Chronic Homelessness

Chronic homelessness is defined as long-term or repeated homelessness, often coupled with a disability.  Chronically homeless people also contend with physical and mental health problems, and become homeless as a direct result.  These conditions are exacerbated by having nowhere safe to live. This frequently leads to hospitalization, institutionalization, even jail. Stable housing and supportive services are critical to help people experiencing homelessness move toward recovery.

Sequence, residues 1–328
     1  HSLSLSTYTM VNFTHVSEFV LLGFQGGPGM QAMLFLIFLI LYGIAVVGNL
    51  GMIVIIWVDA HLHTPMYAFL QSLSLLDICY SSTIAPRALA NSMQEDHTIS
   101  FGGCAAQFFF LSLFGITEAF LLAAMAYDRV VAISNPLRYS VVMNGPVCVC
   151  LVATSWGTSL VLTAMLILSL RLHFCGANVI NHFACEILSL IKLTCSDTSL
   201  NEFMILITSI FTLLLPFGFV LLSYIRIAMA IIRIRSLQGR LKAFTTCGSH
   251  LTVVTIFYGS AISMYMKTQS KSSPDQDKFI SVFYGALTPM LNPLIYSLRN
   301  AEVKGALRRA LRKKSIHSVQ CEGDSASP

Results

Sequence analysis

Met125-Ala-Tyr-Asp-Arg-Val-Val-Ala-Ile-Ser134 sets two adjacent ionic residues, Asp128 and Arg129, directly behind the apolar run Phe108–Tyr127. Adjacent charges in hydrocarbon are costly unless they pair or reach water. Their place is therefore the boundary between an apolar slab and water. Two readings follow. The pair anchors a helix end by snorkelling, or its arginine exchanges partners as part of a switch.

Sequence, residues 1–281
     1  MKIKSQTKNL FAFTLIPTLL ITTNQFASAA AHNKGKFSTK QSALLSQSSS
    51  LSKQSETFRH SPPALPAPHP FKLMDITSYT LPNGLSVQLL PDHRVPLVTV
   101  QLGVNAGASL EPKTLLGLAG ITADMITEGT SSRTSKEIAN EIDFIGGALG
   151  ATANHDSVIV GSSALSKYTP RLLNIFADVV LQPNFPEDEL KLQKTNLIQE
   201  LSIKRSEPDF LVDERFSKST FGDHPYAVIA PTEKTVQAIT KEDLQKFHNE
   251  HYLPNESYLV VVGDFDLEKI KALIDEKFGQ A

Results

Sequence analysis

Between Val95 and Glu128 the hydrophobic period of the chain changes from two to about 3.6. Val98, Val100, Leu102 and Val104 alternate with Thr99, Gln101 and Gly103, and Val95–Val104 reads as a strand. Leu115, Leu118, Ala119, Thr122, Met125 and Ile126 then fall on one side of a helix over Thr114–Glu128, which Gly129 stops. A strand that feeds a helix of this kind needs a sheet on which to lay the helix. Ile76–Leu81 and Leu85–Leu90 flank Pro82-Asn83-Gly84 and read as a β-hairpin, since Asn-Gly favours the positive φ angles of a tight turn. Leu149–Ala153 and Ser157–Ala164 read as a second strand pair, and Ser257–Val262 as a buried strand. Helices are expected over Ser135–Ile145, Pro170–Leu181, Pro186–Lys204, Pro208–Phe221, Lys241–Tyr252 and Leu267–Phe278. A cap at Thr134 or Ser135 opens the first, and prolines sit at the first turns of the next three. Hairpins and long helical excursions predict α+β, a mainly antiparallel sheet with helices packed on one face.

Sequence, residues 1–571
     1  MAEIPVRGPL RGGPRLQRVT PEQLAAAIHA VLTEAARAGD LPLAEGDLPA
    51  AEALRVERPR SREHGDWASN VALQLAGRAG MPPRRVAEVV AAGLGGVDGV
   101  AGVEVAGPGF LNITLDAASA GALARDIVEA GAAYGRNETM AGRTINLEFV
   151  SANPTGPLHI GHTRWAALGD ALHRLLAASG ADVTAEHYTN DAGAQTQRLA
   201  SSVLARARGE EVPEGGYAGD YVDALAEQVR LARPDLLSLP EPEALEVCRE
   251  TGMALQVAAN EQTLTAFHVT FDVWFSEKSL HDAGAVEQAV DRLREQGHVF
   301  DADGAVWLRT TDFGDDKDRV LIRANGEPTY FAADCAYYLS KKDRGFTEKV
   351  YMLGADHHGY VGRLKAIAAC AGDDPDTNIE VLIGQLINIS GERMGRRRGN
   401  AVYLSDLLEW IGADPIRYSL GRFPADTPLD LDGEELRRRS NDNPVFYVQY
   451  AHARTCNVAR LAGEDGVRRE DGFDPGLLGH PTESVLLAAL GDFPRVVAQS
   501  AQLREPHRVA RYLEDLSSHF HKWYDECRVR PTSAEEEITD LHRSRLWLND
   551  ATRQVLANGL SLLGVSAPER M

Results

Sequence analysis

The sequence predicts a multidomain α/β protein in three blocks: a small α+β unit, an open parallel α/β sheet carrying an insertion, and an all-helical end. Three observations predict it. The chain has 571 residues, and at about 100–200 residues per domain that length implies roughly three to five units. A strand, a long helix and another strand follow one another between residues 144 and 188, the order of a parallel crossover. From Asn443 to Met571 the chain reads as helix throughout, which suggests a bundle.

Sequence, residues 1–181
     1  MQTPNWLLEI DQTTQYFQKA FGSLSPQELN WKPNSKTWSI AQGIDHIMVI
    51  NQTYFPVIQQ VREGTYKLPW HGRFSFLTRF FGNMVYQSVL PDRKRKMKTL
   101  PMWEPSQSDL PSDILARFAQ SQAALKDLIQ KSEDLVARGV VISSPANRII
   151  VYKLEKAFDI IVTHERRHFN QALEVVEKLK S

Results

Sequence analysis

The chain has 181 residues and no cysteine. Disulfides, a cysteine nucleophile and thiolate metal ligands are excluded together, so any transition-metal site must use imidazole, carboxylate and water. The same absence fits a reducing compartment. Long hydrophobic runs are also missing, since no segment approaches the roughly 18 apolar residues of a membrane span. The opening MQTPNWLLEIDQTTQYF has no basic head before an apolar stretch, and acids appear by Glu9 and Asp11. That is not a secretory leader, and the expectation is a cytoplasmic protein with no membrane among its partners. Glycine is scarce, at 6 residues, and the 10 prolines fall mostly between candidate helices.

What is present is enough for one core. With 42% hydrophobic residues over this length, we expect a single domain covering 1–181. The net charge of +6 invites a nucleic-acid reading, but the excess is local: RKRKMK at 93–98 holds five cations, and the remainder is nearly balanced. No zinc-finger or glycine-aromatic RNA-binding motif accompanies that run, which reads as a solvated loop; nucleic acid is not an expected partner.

CT’s Frequent Users’ Service Enhancement Program (FUSE)

FUSE is one promising intervention to target permanent supportive housing to certain chronically homeless individuals. FUSE is operated through a partnership between the CT Coalition to End Homelessness, the Corporation for Supportive Housing, the CT Department of Mental Health & Addiction Services, the CT Department of Correction, (DOC) the CT Judicial Branch’s Court Support Services Division.   CCEH’s role is to identify people who frequently use services in both jails and shelters, using data from DOC and comparing this to client’s homelessness records. More information.

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